Harvard Extends Big Pandemic Change for 4 More Years

Candidates won't be required to send in their SAT, ACT scores until at least 2026
By Jenn Gidman,  Newser Staff
Posted Dec 17, 2021 1:24 PM CST
Harvard Dumps SAT, ACT Scores Till 2026
Harvard campus.   (Getty Images/rabbit75_ist)

It was a change brought about by the pandemic, and one that Harvard University now plans on continuing for at least four more years—and maybe even for good. The New York Times reports the Ivy League school has decided to go the test-optional route, not requiring SAT and ACT scores from prospective students through at least 2026. Students who score well and want to submit their scores can still do so, but the school says it won't penalize those who don't. Instead, head of admissions William Fitzsimmons says candidates should send "whatever materials they believe would convey their accomplishments in secondary school and their promise for the future."

Harvard notes it made the move because the pandemic has restricted access to many testing sites. Many colleges have similarly moved into "test optional" mode over the past two admissions cycles, while a few have gone even further, into "test blind" territory—meaning they won't look at a student's scores at all. The Washington Post reports some schools, including the University of Chicago and Indiana University, have already made the test-optional process permanent; others, like the University of California, are now test-blind for the long haul. Such decisions please detractors of standardized testing, who say the tests are racially and culturally biased, and that high SAT scores are the realm of the privileged, as they can afford tutors to help boost those numbers.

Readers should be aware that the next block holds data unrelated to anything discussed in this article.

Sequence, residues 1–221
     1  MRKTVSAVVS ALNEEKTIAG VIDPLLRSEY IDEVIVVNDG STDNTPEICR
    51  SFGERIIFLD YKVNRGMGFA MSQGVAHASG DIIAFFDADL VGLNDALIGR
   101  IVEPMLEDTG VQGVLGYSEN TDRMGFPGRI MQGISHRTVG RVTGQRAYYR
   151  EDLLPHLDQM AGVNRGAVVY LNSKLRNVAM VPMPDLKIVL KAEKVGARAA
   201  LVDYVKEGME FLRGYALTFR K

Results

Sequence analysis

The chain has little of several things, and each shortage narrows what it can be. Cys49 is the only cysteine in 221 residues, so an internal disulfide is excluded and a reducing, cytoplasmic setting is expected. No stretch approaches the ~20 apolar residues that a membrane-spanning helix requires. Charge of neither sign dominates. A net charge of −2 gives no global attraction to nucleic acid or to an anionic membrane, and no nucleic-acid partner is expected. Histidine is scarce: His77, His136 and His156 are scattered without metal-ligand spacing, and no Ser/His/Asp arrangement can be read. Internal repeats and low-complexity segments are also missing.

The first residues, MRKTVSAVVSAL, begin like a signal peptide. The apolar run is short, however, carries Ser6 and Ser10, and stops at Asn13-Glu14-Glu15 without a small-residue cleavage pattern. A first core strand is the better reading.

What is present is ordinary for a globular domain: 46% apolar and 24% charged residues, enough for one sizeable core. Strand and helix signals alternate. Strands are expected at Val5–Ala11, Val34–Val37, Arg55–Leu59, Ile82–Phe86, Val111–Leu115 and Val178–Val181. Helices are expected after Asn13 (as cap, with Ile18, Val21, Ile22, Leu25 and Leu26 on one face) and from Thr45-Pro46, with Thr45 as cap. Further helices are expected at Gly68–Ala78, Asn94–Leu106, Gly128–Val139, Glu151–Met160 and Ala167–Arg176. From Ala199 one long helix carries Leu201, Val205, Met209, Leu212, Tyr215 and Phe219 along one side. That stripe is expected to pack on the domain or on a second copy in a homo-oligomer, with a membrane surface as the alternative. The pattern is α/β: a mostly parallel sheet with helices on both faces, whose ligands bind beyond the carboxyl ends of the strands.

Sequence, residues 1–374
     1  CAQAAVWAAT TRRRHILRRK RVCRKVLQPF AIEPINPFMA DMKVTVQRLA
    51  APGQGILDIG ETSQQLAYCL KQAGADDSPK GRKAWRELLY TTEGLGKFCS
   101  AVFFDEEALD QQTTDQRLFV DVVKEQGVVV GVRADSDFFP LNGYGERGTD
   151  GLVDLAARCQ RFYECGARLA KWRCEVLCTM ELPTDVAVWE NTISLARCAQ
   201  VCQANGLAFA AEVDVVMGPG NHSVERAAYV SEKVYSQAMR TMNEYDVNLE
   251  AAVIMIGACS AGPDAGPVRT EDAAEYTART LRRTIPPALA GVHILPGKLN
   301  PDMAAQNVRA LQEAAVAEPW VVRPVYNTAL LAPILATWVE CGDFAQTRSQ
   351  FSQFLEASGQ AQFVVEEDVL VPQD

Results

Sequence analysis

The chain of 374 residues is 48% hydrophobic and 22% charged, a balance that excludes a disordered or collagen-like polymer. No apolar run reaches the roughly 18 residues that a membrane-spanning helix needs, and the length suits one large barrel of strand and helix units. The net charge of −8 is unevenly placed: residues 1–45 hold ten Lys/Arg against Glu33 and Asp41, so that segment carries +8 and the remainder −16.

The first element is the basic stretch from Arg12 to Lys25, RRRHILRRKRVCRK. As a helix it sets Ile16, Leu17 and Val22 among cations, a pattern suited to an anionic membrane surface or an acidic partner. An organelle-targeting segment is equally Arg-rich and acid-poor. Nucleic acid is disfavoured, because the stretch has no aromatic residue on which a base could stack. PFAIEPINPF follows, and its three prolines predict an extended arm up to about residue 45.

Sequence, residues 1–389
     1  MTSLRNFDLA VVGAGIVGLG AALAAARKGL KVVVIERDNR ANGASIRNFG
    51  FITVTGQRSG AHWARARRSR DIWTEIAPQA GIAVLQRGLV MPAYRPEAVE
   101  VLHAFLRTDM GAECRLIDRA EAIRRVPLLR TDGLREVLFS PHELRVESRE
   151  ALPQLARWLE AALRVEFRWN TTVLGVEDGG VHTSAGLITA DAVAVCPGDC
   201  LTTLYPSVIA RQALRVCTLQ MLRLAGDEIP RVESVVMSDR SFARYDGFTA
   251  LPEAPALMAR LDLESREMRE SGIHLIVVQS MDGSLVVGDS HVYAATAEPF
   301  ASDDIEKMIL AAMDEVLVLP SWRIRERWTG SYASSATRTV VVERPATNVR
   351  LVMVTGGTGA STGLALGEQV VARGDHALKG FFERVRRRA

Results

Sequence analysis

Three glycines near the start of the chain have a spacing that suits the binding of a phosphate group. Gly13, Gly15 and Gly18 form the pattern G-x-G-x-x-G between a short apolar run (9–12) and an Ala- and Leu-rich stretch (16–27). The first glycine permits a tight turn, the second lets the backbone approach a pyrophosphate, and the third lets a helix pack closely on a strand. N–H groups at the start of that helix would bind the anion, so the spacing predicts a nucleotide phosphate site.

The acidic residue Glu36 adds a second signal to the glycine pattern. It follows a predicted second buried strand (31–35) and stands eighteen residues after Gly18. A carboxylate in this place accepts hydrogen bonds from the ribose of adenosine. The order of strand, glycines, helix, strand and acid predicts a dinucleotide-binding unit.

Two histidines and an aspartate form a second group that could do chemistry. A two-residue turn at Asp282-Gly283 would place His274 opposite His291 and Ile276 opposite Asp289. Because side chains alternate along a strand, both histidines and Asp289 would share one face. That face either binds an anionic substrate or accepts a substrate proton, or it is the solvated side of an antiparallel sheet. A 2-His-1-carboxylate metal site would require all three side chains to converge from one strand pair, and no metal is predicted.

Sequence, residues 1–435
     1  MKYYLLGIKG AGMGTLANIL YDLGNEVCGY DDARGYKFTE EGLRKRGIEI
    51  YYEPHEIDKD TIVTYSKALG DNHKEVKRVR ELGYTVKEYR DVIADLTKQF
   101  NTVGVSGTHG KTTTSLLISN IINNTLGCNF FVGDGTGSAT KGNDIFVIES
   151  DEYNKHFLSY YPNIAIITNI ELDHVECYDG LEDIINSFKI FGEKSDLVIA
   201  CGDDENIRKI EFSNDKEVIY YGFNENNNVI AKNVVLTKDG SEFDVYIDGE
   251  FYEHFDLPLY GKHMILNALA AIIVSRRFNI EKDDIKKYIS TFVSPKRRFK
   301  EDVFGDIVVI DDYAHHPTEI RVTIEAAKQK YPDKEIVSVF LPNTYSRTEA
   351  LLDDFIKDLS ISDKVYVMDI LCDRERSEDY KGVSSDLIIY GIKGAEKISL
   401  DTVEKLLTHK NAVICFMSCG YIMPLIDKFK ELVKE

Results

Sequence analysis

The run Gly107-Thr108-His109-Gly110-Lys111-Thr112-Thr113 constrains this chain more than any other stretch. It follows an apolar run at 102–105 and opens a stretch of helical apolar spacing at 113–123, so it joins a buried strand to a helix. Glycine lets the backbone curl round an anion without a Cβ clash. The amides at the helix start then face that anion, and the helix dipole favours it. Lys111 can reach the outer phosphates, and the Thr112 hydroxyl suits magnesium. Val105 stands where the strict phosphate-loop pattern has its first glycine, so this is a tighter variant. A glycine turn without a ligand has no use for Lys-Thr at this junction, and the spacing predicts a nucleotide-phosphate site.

The Post notes many schools are reluctant to dump this admissions gauge altogether, with "perfect scores ... [retaining] their power and allure." But critics of standardized testing are hoping Harvard's move is just the start of a "new normal" and will drive other schools to follow suit. "Highly selective schools have shown that they can do fair and accurate admissions without test scores," the head of anti-testing group FairTest tells the Times. FairTest notes that before the pandemic, about 45% of schools didn't require such test scores. That number is now at 80%, though it's unclear how many have instituted these policies for the pandemic only. (More Harvard stories.)

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